- 2399654417711448.pdf (436k)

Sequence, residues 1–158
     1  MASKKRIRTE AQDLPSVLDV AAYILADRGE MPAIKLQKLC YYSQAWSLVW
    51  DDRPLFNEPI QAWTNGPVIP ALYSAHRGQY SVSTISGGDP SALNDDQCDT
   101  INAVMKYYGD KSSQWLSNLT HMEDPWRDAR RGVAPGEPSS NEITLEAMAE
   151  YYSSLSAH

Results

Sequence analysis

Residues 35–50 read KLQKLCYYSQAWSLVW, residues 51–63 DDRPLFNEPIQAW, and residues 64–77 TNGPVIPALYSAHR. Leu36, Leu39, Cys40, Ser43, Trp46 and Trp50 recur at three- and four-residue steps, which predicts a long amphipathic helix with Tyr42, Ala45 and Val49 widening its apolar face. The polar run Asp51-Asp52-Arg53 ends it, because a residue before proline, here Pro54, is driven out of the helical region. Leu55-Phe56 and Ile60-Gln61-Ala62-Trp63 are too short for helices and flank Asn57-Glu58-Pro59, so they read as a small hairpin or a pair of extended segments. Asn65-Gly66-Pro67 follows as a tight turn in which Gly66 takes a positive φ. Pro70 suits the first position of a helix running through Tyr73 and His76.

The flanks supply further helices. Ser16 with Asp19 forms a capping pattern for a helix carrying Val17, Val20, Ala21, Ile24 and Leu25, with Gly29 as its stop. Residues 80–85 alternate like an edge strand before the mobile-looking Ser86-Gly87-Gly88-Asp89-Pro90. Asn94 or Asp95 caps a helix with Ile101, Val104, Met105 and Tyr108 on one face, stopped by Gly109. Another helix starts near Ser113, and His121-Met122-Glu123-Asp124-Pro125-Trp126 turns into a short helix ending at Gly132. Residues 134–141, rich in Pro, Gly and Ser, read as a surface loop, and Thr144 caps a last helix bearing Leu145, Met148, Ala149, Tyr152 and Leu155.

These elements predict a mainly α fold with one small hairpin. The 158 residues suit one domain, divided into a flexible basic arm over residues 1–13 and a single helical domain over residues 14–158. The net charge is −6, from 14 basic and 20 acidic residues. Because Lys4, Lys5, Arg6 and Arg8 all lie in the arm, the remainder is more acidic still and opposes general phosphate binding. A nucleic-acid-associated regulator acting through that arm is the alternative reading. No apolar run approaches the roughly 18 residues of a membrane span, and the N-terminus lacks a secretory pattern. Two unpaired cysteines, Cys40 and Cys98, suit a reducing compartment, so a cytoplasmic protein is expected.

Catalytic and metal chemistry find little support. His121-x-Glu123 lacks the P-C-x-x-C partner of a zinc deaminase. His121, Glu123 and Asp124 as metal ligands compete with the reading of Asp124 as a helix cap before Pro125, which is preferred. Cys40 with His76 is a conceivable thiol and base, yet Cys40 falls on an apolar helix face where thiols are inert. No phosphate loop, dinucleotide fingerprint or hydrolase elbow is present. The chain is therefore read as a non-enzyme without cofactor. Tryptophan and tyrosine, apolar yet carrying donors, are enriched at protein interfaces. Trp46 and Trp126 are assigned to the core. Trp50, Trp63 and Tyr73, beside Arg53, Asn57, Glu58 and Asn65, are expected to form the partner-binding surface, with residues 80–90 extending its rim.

Recent theoretical literature in social policy argued that climate change posed a new risk to the states and called for transformation from a traditional welfare state to an ‘eco’ state. From a theoretical point of view, different welfare regimes may manage environmental/climate change risks in a similar way to social risks. However, not much has been done to explore the issue empirically. To this end, this paper aims to investigate public attitudes towards environmental and traditional welfare policies given that environmental change is a new social risk the welfare states have to address. Do individuals that care for one area also care for the other? That is, do the preferences in these two policy spheres complement or substitute one another? We test these hypotheses both at the individual- and country-level, using data from 14 countries included in all three waves (1993, 2000, and 2010) of the environmental module in the International Social Survey Programme. Specifically, we investigate the relationship between attitudes towards income redistribution (indicator of support for welfare policy) and willingness to pay for environmental protection (indicator of support for environmental policy). Our findings suggest that attitudes in the two areas are substitutes in the total sample, but that the relationship is very small and only statistically significant in some specifications. When we explore country differentials, we observe clear heterogeneity in the relationship, which can be explained by differences in political and historical contexts across countries.
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